# Microsoft Mathematics 4.0 - now for $0 By Murray Bourne, 17 Aug 2011 I reviewed Microsoft Math 3.0 a while back. It was quite good, even though it had some bugs (and it cost just under$20).

The new release, Microsoft Mathematics 4.0, comes for free. There are 2 flavors of MS Mathematics 4.0:

1. The standalone version (requires either Windows XP, Vista, Windows 7 or later and .NET framework, which is also a free download).
2. The add-in version, which only works with Microsoft Word 2010, Microsoft OneNote 2010, and Microsoft Office Word 2007. The add-in allows you to easily insert math objects (graphs, equations, etc) into Word or OneNote.

The Add-In is invoked from the ribbon in MS Word. It's reasonably well integrated, but there are a few usability gripes, as mentioned below.

The current version seems to do everything that Microsoft Math 3.0 did before. As the site says:

• Compute standard mathematical functions, such as roots and logarithms
• Compute trigonometric functions, such as sine and cosine
• Find derivatives and integrals, limits, and sums and products of series
• Perform matrix operations, such as inverses, addition, and multiplication
• Perform operations on complex numbers
• Plot 2-D graphs in Cartesian and polar coordinates
• Plot 3-D graphs in Cartesian, cylindrical, and spherical coordinates
• Solve equations and inequalities
• Calculate statistical functions, such as mode and variance, on lists of numbers
• Factor polynomials or integers
• Simplify or expand algebraic expressions

Like all such software, you need to know what you can ask it to do, and how to ask it. It won't directly solve your word problems - you still need to use your brains for that!

## So is MS Math 4.0 any good?

MS Math does a good job of graphing 2-D and 3-D graphs.

For example, here is a paraboloid. You can easily draw a plane intersecting the 3-D surface (the plane is light blue on the left of the diagram below and the intersection of the plane is a parabola, in dark blue). This is quite a useful feature, but only exists in the Add-In version.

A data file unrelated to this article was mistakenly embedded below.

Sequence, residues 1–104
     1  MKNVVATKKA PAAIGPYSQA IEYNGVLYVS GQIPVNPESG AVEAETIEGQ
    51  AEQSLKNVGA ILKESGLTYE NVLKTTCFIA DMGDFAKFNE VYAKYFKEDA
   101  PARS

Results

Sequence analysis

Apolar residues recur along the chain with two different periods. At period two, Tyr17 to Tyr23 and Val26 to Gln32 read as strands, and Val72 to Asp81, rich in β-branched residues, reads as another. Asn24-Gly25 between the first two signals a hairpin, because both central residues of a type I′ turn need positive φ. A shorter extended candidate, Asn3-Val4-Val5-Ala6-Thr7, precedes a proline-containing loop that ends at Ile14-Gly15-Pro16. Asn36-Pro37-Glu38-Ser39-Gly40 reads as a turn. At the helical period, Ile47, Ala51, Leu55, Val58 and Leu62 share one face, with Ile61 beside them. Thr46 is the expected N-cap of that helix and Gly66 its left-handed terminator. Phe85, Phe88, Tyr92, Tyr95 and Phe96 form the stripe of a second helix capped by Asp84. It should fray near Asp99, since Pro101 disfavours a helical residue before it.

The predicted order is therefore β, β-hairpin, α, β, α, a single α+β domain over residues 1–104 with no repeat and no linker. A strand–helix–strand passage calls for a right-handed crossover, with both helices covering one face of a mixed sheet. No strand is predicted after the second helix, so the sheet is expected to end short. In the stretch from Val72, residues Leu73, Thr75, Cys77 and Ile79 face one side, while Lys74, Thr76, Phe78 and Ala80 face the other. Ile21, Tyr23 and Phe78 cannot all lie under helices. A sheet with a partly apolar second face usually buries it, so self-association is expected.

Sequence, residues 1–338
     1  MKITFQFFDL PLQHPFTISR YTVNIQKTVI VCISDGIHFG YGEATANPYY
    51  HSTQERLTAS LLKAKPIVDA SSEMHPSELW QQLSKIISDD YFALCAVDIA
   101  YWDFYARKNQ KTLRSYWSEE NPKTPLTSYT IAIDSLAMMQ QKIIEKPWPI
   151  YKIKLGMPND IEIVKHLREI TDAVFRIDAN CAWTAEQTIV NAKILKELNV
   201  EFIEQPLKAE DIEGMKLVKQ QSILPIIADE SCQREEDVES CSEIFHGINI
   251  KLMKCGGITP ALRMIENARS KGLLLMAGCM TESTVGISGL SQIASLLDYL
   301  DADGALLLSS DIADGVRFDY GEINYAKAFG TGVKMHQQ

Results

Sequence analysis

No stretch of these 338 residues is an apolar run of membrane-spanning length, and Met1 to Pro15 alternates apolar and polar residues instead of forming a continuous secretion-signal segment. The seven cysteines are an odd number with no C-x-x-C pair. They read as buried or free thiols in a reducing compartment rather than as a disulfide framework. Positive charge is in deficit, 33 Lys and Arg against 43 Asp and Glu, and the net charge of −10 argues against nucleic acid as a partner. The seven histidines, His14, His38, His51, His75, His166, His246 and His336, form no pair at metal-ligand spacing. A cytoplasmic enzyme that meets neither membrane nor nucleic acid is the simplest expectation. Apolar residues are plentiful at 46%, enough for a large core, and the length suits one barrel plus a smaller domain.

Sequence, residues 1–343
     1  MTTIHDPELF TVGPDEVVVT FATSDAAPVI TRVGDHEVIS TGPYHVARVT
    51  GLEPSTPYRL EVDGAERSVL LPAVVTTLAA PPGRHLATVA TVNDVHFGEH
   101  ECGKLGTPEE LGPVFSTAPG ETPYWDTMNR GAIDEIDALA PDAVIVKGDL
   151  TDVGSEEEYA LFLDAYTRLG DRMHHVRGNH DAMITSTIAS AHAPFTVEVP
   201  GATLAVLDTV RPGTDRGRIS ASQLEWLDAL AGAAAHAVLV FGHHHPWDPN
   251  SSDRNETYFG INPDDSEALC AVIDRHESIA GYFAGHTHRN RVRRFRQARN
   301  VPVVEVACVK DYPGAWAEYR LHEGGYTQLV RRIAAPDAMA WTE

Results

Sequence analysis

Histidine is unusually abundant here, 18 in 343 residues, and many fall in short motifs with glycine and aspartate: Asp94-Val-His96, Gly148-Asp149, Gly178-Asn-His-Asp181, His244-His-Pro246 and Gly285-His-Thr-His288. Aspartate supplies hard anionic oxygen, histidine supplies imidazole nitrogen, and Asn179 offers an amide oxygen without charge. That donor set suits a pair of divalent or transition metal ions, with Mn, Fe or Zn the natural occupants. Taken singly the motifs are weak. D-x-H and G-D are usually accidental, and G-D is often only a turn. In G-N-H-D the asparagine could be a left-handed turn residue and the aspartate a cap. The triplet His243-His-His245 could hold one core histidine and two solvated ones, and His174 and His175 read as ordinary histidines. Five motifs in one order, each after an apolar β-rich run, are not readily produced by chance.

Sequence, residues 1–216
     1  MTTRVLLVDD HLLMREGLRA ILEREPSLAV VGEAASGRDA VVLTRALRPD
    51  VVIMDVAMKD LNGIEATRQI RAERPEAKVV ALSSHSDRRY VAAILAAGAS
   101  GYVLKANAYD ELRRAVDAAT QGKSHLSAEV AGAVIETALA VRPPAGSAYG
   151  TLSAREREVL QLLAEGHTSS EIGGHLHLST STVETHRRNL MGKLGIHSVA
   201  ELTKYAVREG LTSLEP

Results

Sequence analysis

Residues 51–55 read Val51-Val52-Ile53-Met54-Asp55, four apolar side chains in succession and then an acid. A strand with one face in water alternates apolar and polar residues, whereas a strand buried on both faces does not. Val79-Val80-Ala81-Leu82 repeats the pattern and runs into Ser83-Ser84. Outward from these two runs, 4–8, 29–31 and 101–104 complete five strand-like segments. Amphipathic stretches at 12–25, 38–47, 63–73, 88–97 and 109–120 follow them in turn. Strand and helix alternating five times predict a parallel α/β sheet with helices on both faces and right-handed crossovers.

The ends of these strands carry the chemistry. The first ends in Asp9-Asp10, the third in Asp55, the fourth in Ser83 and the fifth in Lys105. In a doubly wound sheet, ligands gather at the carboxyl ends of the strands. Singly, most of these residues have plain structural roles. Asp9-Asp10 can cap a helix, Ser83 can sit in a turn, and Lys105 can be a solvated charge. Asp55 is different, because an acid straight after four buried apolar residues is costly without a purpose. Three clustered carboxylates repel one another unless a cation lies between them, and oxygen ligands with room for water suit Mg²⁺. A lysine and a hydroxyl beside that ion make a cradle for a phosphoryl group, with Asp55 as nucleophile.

A paraboloid graphed using MS Math 4

## How does MS Math 4 graph arccot(x)?

I wrote recently about the fact that different math software disagree on the correct graph for y = arccot(x). (That is, the inverse of the reciprocal of tan(x)). Here's the article:

Which is the correct graph of arccot x?

Microsoft Mathematics 4.0 interprets the graph in the following way, the same as Mathematica and Matlab, but not the same as Mathcad's version.

MS Math 4's graph of y = arccot(x), showing the Trace facility

In the above graph, you can see the "trace" facility in use. By clicking on the Trace forward arrow on the graph in MS Math, you can move along the graph as x takes values from smaller to larger numbers.

## Solving Equations

You can easily solve equations using Microsoft Math 4.0, as you could earlier in MS MAth 3.0, as the following example shows:

Micrsoft's choice of font in MS Math 4 results in quite unreadable text at times. Believe it or not, that's xraised to the power 3 in the above example.

## Inverse of a Matrix

Inverses of matrices are possible, too.

## One gripe

Next I tried out numerical integration, this time using the Word Add-In. This is what I asked Mathematics 4.0 to calculate: